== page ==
US 1 was for its class quite modern, and in part even an advanced car. The body stood on a light tubular spinal frame, the suspension is independent. The air-cooled V2 engine had a displacement of 1.16 liters and produced 18.5 hp, and later 20.5 hp. True, the car lacked a differential, but such a simple design on some European subcompacts was used even in the first half of the 1930s.
| Engineers Karelsky and Petrov, employees of NAMI, made in 1925 a funny car-tandem Kar-a Pet with a motorcycle engine (in Europe such designs were then called cyclecar - cyclecar). They didn’t plan to produce Kar-a Pet; Apparently, he embodied the dream of his own car. At least about this. Engineers Karelsky and Petrov, employees of NAMI, made in 1925 a funny car-tandem Kar-a Pet with a motorcycle engine (in Europe such designs were then called cyclecar - cyclecar). They didn’t plan to produce Kar-a Pet; Apparently, he embodied the dream of his own car. At least about this.|| The first chassis of the first Soviet production subcompact NAMI 1 was assembled on May 1, 1927. The first chassis of the first Soviet production subcompact NAMI 1 was assembled on May 1, 1927.
The release of US 1 was established in Moscow, in the Karetny Ryad, at the State Automobile Plant No. 4 (GAZ 4), also known as Spartak (before the revolution, body workshops by Pyotr Ilyin). Details for NAMI 1 were made by AMO and BTAZ 2. Production was semi-artisanal, and the quality of the cars was such that, in particular, in the magazine “Behind the Wheel”, even unbalanced Soviet drivers criticized them. Nevertheless, the press began to talk about increasing production to as many as 150 thousand cars a year, and even about the possibility of private owners appearing! As the poet wrote, there are a lot of plans … We will come back to US 1. In the meantime, remember the first Soviet private motorists.
It was Mayakovsky who became one of the first (if not the first!) Private motorists in the USSR, and his girlfriend Lilya Brik - the first Muscovite to receive a driver’s license. However, Lily usually used the services of a driver, and the poet generally did not drive.
Nevertheless, Mayakovsky brought from Paris a new Renault NN 6 CV sedan, bought for fees from foreign publications and performances. But in addition to solvency, the poet, of course, required the permission of the government. It favorably resolved. Even when the country headed for a new economic policy (NEP), which markedly improved the situation in the country, strengthened the ruble and contributed to the formation of a wealthy layer, it was impossible to buy a new car without government authorization.
| Lilya Brik and one of the few private cars in Moscow in the 1920s - Renault NN, brought from Paris by Vladimir Mayakovsky. Lilya Brik and one of the few private cars in Moscow in the 1920s - Renault NN, brought from Paris by Vladimir Mayakovsky.|| US 1 with a V2 air vent with a power of 18.5 hp in a test run. US 1 with a V2 air vent with a power of 18.5 hp in a test run.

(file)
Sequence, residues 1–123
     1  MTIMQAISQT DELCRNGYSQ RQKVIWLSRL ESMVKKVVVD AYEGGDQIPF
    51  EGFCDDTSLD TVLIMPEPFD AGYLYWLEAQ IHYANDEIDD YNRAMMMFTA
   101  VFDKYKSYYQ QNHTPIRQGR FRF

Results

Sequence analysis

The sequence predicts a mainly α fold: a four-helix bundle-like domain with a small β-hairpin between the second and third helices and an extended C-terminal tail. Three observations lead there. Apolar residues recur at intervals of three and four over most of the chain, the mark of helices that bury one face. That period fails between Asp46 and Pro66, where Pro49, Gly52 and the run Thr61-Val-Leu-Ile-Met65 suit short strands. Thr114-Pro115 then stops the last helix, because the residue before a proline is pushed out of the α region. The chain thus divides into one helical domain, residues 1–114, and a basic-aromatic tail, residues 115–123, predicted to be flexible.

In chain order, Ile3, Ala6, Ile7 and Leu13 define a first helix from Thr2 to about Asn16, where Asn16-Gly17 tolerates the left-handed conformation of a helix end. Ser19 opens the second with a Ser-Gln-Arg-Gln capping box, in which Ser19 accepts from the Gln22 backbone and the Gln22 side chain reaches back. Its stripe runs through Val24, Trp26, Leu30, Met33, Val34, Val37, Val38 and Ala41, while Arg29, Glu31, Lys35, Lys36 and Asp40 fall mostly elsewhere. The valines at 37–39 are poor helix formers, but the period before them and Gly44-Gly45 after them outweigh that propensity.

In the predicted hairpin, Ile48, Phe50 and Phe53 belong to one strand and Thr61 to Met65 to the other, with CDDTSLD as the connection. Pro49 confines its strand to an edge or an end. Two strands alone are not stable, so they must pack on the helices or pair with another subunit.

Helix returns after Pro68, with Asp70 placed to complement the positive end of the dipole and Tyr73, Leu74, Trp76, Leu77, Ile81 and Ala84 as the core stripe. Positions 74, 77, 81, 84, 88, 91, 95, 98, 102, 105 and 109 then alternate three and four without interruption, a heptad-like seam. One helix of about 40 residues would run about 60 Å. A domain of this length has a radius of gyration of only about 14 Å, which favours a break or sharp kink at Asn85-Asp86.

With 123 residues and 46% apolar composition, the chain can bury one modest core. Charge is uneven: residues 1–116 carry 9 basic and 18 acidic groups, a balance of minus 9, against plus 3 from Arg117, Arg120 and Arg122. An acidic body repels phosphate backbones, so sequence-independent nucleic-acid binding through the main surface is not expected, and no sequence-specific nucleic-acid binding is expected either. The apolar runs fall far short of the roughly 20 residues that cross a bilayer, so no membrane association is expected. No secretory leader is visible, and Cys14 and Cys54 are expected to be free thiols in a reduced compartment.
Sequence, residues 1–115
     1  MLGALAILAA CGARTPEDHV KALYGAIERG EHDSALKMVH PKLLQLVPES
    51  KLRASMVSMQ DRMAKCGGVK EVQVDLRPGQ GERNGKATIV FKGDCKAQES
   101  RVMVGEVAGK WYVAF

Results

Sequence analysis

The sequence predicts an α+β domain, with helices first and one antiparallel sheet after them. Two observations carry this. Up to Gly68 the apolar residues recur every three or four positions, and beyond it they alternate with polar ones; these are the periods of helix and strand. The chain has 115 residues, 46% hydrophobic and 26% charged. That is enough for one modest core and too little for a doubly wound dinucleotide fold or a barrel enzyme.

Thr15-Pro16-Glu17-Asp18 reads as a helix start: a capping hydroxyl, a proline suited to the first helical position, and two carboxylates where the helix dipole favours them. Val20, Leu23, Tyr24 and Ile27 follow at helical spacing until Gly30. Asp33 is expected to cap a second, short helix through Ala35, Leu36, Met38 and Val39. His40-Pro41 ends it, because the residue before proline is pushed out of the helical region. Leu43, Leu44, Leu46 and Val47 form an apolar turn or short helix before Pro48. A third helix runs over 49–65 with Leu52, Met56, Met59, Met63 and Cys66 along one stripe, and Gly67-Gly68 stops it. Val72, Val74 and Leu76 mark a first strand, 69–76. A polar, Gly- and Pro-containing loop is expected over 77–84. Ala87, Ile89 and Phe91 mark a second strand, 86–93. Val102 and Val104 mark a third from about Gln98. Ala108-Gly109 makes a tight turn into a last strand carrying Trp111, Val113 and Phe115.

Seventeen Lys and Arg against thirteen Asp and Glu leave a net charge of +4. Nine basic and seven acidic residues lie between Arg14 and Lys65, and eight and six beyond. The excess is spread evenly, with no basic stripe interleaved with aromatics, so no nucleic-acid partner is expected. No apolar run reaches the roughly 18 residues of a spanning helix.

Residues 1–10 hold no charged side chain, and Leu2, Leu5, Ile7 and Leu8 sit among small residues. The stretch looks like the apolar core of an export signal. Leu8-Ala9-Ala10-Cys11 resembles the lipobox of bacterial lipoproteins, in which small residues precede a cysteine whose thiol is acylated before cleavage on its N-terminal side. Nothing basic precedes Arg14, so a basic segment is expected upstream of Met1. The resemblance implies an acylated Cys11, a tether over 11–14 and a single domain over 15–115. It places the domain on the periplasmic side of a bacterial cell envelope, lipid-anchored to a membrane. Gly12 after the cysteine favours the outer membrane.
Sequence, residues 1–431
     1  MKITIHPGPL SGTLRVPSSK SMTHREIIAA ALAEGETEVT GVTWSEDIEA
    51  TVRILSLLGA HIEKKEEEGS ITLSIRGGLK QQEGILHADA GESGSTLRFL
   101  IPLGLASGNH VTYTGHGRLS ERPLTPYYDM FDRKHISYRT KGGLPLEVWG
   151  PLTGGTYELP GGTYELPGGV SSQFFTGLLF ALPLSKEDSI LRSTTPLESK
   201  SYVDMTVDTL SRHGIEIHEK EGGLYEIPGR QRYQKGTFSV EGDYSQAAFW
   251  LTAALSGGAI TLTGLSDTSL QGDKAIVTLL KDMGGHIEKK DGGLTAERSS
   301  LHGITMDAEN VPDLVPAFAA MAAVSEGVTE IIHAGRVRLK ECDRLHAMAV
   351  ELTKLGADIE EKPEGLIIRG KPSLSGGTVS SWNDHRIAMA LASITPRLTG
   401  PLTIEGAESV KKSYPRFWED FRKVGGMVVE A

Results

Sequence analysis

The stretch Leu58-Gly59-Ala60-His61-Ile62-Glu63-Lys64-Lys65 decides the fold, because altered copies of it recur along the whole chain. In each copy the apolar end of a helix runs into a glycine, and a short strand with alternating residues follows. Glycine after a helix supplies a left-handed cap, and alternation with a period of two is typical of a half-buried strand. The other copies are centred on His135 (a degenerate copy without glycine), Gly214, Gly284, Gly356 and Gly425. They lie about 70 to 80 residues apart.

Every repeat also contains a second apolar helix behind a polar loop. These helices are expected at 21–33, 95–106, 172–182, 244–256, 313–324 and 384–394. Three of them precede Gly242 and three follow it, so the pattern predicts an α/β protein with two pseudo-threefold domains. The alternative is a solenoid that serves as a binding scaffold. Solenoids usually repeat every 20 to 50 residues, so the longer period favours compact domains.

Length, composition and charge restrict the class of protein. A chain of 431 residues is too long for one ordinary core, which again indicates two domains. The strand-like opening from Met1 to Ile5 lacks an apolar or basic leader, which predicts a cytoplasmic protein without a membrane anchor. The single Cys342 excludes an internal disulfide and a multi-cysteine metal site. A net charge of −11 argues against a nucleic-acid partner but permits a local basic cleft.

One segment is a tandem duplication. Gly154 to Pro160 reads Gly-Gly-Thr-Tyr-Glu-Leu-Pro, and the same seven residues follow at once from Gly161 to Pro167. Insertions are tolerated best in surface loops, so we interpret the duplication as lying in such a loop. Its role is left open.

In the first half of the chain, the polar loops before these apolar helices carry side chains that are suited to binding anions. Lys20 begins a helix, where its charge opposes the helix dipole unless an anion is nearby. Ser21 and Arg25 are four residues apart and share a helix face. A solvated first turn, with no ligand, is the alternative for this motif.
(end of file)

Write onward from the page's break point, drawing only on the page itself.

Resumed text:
Perhaps you remember how the hero of the novel by Ilf and Petrov Ostap Bender complained to the cheerful car enthusiast Adam Kazimirovich Kozlevich: “The state does not consider me a buyer. I am a private person. The only thing that could be obtained by announcement in the newspaper is the same junk as our Antelope. ” For several decades, only a few will be the owners of new cars - citizens close to the leadership of the state, mainly writers and poets (say, Demyan Poor), scientists, and artists of all kinds.
But even in the late 1920s, especially hot romantics timidly began to write about a mass car for a Soviet person. It was about the above mentioned US 1 and its successor NATI 2. The advanced NATI 2 with 22 powerful V4 engine was planned to be made not in Moscow, but in Izhevsk, where there were plenty of qualified personnel, at the Izhstal plant. But production was not established, and in the conditions in which the country was located, it was quite logical.
| For the leadership of the CPSU and the All-Russian Central Executive Committee in the 1920s, they purchased the most prestigious cars made in Europe and the USA. Especially at that time, the leaders valued British Rolls-Royce 40/50 HP cars. For the leadership of the CPSU and the All-Russian Central Executive Committee in the 1920s, they purchased the most prestigious cars made in Europe and the USA. Especially at that time, the leaders valued British Rolls-Royce 40/50 HP cars.|| WE were made at the former Ilyin factory in Moscow, in the Karetny Ryad. Serially, but on a very modest scale. WE were made at the former Ilyin factory in Moscow, in the Karetny Ryad. Serially, but on a very modest scale.
In 1928, an engineer, a popularizer of automobiles, and in the future academician Yevgeny Chudakov noted: approximately 20, 600 automobiles are in operation in the USSR, 319 thousand in Germany, 891 thousand in France, more than a million in the UK, and about 22 in the USA millions.
In the USSR, everything was still semi-handicraft, in scanty quantities they produced hundreds of cars a year, and mostly still pre-war models, which were pretty outdated. This situation could be changed only by the purchase of not only more modern imported structures, but also technologies. Corresponding agreements were concluded with the American company Autocar (its trucks formed the basis of the new generation of Soviet AMOs, soon renamed ZIS) and with the giant Ford. The assembly of Fords from car kits was established in Kharkov, Moscow and Nizhny Novgorod. And already in 1932, a powerful full-fledged plant started operating in Nizhny, where they launched the mass production of Soviet passenger cars and GAZ trucks - licensed Ford cars.